If California supplies most of America with its marijuana — and it does — Monterey County is vying hard to supply most of California’s cannabis.
Monterey County is home to the Salinas Valley, which holds the famously fertile soils that have put strawberries, spinach and lettuce on dining room tables from coast-to-coast and served as literary inspiration for the great American author John Steinbeck. Here, greenhouses measuring hundreds of thousands of square feet large were left derelict for decades, after the flower industry decamped to cheaper venues overseas. Today, however, these greenhouses have found new life as cannabis super-farms backed by venture capital.
Like a Steinbeck novel, marijuana production in Monterey County adheres to a dynamic of high-and-low, have-and-have-not.
In the valley sit the greenhouses with investors and county permits, granted because of this location’s zoning law and its easy access to towns and freeways.
Those in the valley are the newcomers. Up in the rugged mountains, deep in the crags near Big Sur, are the “professionals,” the barely reformed outlaws who have been growing pot in old-growth forests for years, in much the same fashion as has been done in the “Emerald Triangle” far to the north, on the other side of San Francisco.
These mountain growers have experience, history and legendary strains — but they can’t get permits. They’re locked out of what’s supposed to be a $7 billion legal cannabis economy in California, and have to stand and watch as the valley-dwellers seize a livelihood that’s historically been theirs — and, according to the promises made by the Adult Use of Marijuana Act which legalized adult-use cannabis in California in 2016, was supposed to be theirs.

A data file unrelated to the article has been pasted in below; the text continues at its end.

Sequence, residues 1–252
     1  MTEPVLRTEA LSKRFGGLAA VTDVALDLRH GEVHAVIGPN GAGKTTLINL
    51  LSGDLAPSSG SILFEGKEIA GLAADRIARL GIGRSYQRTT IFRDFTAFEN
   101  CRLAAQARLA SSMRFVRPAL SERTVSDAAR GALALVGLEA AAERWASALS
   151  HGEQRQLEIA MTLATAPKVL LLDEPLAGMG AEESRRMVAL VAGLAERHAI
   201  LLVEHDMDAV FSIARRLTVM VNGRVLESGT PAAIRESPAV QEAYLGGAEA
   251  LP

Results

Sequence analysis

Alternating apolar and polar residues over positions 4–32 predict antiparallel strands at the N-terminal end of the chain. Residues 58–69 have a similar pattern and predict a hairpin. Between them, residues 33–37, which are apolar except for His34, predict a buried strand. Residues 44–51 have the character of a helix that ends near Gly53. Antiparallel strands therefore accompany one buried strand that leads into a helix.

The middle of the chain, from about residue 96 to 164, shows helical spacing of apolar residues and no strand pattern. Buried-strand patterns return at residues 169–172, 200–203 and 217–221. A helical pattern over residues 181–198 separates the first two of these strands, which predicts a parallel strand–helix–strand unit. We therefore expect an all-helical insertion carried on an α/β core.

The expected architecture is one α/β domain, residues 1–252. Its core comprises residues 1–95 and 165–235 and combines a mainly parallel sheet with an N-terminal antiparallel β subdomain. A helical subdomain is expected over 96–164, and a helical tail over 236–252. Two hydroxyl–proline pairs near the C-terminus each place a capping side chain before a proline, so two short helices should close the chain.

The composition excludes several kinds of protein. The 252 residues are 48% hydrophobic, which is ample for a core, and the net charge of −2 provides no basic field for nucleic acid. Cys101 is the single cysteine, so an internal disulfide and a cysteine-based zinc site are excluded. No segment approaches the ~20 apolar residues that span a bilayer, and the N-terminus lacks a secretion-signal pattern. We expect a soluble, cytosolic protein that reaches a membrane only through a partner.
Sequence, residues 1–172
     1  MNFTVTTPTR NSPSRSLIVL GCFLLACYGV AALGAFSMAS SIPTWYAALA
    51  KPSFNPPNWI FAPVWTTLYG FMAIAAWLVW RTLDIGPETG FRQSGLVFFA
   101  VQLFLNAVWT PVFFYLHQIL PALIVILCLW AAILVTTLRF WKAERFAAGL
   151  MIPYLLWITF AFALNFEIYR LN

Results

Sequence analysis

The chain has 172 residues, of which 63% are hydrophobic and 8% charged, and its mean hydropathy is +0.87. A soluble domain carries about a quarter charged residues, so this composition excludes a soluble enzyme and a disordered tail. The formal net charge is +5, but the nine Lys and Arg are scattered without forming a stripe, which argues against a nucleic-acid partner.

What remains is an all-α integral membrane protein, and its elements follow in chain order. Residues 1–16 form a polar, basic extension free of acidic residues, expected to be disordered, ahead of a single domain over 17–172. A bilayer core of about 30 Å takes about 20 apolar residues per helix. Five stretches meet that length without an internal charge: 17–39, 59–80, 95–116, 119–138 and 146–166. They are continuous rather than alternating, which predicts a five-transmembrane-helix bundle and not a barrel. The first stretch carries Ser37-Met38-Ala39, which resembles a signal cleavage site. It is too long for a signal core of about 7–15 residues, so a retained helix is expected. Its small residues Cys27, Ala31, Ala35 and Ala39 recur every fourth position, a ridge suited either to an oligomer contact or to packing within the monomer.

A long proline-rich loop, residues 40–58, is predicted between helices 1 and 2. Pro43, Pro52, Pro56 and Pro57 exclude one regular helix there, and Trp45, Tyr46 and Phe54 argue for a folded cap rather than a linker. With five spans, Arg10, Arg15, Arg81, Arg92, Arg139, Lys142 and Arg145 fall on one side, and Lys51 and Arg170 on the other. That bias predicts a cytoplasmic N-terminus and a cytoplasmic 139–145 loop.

What happened? In Monterey, regulators have permitted only the greenhouses in the valleys in areas specifically zoned for farming. As written, county law prohibits “rural cannabis farming,” per the San Jose Mercury News, creating a forbidden zone in California cultivation’s historic home. (Imagine a world in which Iowans suddenly made corn and hog farming illegal on prairie land.)
What’s happening? In short, a pattern. According to the California Growers Association, a lobby group for cannabis cultivators, what’s going on in Monterey is being repeated across California.
In Calaveras County, several hours’ drive away from coastal Monterey in the foothills below Yosemite National Park, cannabis growing helped farmers rebound from a brutal 2015 wildfire. Those livelihoods are now all gone, after the county Board of Supervisors banned all cultivation in the county beyond the six-plant minimum for personal use.
“They promised us Proposition 64 could rejuvenate the farming industry and upgrade agriculture and bring this great thing,” said Big Sur grower Oliver Bates, the 40-year-old president of the new Big Sur Farmers Association, according to the San Jose Mercury News. “We feel shut out, betrayed. They are only listening to the interests of commercial agricultural.”
Bates is a prime example of California cultivation’s past. His off-the-grid spread can only be reached on foot, via a steep trail reachable only after six miles of 4×4-ing up a tiny dangerous road. That’s the reason why he’s not permitted, county staff say, because they can’t get there and neither can sheriff’s deputies. That’s not entirely true, say the farmers who still tell tales of visits from cops riding helicopters descending for raids.
How’s this going to end? With more helicopters or with a revision of Monterey’s laws to allow marijuana to continue to exist in the mountains and the valleys? Steinbeck would approve.
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